Plaintiff further testified that the adjuster then told him that because the insurance policy had been "voided" he would not make a full settlement with respondent but was willing "to make a contribution to the settlement"; that his insurance company would make such a contribution only because Cheney Bros., Incorporated, had been insured with it for a long time; that the insurance adjuster told him that the settlement was for his loss of wages only; that the settlement for loss of wages would not prevent plaintiff from suing defendants for other expense and loss; and that plaintiff's loss of wages was $575. He then testified that the release was never given to him to read and that he never had it in his hands; that he would not have accepted the settlement if he had known that he was signing a complete release of all claims.

Plaintiff's special damages alone amounted to over $1,200, and the jury found that he was entitled to $12,000 upon his entire claim. The issues as framed respecting the validity of the release were submitted to the jury under proper instructions. The issues raised were decided in favor of plaintiff and against the defendants. Plaintiff accepted a demand draft containing the following statement: "In full settlement of all claims." He endorsed this draft and cashed it.

Defendants cite many cases to the effect that courts will not set aside solemn binding written contracts, and proof of their invalidity must be clear and convincing. The Supreme Court of this state has declared exceptions to this general rule in many instances, and in the late case of Jordan v. Guerra, 23 Cal.2d 469 [ 144 P.2d 349], where the evidence as to fraud and undue influence was much weaker than in the present case, it sustained a finding of the jury that a similar release was repugnant to just dealing. [1] In view of the decision in that case it cannot be here held that there was not sufficient evidence to support the conclusions reached by the jury in reference to the "release of all claims" here involved. It is of interest to note that the attorney endeavoring to uphold the validity of the release in the Guerra case is now using that opinion to support the judgment of the trial court setting aside the release in the instant case.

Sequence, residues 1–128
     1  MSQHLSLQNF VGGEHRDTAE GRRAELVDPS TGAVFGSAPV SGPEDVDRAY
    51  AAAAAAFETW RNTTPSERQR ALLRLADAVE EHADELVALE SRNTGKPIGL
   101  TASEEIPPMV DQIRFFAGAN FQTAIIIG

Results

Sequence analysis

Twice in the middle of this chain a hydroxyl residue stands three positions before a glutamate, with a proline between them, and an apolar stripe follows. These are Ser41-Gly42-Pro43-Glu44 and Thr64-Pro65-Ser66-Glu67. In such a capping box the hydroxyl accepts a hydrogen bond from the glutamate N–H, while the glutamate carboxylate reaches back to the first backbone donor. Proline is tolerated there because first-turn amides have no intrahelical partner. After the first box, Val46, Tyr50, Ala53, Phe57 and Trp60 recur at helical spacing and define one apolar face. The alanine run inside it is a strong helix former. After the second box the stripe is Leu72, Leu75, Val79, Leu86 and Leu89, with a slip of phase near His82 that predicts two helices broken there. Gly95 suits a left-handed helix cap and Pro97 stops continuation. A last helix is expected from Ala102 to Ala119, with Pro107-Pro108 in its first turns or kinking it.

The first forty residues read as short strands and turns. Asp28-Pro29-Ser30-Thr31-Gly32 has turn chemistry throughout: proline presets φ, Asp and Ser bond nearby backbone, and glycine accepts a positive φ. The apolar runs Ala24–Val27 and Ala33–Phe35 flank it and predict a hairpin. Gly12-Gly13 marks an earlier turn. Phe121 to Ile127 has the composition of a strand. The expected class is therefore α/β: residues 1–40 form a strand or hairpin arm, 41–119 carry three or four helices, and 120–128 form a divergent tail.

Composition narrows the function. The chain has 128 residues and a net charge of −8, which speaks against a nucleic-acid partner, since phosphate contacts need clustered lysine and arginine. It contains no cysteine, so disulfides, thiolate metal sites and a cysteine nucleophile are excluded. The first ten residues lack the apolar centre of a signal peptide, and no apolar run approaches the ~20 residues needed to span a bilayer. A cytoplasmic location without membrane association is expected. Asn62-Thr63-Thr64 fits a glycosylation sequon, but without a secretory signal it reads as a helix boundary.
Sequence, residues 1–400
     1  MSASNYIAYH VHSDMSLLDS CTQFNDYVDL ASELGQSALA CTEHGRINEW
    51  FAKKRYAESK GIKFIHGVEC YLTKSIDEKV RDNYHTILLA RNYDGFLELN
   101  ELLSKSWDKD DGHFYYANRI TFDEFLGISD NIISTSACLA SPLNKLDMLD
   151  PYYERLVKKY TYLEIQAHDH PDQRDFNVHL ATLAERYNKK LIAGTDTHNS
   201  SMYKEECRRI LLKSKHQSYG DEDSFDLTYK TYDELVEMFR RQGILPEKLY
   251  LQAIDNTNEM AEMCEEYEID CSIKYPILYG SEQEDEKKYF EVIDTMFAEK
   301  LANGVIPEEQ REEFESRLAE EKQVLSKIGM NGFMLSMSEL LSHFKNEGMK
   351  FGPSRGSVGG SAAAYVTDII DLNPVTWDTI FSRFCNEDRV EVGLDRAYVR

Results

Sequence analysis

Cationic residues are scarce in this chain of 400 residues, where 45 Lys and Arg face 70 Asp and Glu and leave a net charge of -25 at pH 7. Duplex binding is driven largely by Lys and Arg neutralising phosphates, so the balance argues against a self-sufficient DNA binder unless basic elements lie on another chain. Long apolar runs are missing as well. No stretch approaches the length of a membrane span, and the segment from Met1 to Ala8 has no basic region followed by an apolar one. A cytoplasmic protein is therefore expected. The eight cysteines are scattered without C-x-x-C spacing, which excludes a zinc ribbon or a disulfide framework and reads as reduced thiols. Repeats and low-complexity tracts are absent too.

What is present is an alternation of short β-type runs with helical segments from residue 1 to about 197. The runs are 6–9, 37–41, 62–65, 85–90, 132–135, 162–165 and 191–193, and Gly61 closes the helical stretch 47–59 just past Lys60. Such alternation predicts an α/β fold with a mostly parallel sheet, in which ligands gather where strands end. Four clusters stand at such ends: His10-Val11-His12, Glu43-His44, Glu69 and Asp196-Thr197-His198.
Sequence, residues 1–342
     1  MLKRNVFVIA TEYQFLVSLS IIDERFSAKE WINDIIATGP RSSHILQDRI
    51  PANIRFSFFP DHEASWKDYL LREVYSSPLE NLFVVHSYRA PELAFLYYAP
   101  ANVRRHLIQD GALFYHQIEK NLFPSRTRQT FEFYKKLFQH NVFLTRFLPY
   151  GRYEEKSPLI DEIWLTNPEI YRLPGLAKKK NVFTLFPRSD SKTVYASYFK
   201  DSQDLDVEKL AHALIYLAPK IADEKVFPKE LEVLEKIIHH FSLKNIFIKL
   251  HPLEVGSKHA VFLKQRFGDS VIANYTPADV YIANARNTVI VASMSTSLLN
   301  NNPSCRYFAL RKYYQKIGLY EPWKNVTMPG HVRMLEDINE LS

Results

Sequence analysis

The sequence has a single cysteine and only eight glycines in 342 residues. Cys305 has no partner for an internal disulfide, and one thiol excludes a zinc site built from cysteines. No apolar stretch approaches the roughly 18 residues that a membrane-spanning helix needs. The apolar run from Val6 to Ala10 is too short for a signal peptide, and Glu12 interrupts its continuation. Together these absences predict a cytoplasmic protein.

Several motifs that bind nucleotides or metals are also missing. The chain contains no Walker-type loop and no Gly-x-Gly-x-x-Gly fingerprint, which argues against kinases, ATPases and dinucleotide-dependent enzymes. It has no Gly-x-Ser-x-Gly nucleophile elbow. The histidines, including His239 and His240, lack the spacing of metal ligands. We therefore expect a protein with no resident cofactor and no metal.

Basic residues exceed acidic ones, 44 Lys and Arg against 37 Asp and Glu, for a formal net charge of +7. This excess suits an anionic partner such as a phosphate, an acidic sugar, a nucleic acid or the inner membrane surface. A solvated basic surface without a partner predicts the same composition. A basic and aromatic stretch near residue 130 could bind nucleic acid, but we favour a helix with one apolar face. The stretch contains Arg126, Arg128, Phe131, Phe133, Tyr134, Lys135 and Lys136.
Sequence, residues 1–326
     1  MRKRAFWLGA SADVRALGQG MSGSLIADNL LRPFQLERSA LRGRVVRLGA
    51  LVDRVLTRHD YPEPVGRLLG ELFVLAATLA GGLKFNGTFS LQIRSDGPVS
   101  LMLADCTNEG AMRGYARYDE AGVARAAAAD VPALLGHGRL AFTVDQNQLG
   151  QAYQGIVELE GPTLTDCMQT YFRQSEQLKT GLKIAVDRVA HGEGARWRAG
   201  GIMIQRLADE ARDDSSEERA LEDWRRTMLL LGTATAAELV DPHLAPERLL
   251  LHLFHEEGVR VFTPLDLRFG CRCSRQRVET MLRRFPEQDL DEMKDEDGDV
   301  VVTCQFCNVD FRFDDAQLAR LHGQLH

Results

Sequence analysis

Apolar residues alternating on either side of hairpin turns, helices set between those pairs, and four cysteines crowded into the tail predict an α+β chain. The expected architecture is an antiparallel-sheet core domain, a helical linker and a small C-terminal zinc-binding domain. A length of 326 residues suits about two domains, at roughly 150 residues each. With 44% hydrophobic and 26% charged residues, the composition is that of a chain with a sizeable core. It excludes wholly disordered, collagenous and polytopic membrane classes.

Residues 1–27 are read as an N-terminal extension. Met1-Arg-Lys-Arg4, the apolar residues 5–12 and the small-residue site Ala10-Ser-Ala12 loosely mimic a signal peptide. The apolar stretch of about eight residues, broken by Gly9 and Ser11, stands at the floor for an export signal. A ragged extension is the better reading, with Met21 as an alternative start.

[2] Little, if any, contention is made by defendants that there was no evidence of the negligence of the driver of the Mack truck. The evidence supports the conclusion reached by the jury that the driver thereof was guilty of negligence. The Mack truck was traveling on the north half of Jayne Avenue at the time of the impact. This fact, when considered with the other facts and the circumstances of the case, if believed by the jury, constituted negligence. (Veh. Code, § 527; Bennett v. Chandler, 52 Cal.App.2d 255 [ 126 P.2d 173].) [3] The main portion of defendants' brief is devoted to the contention that plaintiff was guilty of contributory negligence as a matter of law. In this connection it is argued that plaintiff failed to yield the right of way to defendant driver and that the evidence undisputedly shows that defendants' vehicle entered the intersection first, citing Osgood v. City of San Diego, 17 Cal.App.2d 345 [ 62 P.2d 195]; Ebert v. Tide Water Associated Oil Co., 54 Cal.App.2d 497 [ 129 P.2d 135]; and similar cases. From the nature of the so-called intersection at the place of the accident it is difficult legally to define the boundaries thereof. The question as to which vehicle entered the intersection first is problematical. Plaintiff offered no instruction on the subject. However, defendants offered and the court gave an instruction in the language of section 86 of the Vehicle Code defining an intersection, which was followed by an instruction in the language of section 550, subdivisions (a) and (b) in reference to the right of way rule at intersections. At the request of the defendant the court specifically instructed the jury that if the driver of the Mack truck entered the intersection prior to the time the Ford pickup entered it, the driver of the Mack truck had the right of way, provided he operated it in a careful and prudent manner and under such circumstances as would make it the duty of plaintiff to yield the right of way to the Mack truck.